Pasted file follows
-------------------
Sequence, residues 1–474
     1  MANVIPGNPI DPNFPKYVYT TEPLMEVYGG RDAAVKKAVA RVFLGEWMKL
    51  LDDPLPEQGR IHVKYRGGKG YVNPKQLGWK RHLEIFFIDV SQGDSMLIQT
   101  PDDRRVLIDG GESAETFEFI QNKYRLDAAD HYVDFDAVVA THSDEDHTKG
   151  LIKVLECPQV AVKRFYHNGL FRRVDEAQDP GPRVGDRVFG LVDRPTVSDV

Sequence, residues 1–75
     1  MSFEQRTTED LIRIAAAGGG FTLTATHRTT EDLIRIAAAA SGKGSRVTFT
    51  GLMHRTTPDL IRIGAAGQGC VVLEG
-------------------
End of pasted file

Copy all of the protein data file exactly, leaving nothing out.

Sequence, residues 1–474
     1  MANVIPGNPI DPNFPKYVYT TEPLMEVYGG RDAAVKKAVA RVFLGEWMKL
    51  LDDPLPEQGR IHVKYRGGKG YVNPKQLGWK RHLEIFFIDV SQGDSMLIQT
   101  PDDRRVLIDG GESAETFEFI QNKYRLDAAD HYVDFDAVVA THSDEDHTKG
   151  LIKVLECPQV AVKRFYHNGL FRRVDEAQDP GPRVGDRVFG LVDRPTVSDV

Sequence, residues 1–75
     1  MSFEQRTTED LIRIAAAGGG FTLTATHRTT EDLIRIAAAA SGKGSRVTFT
    51  GLMHRTTPDL IRIGAAGQGC VVLEG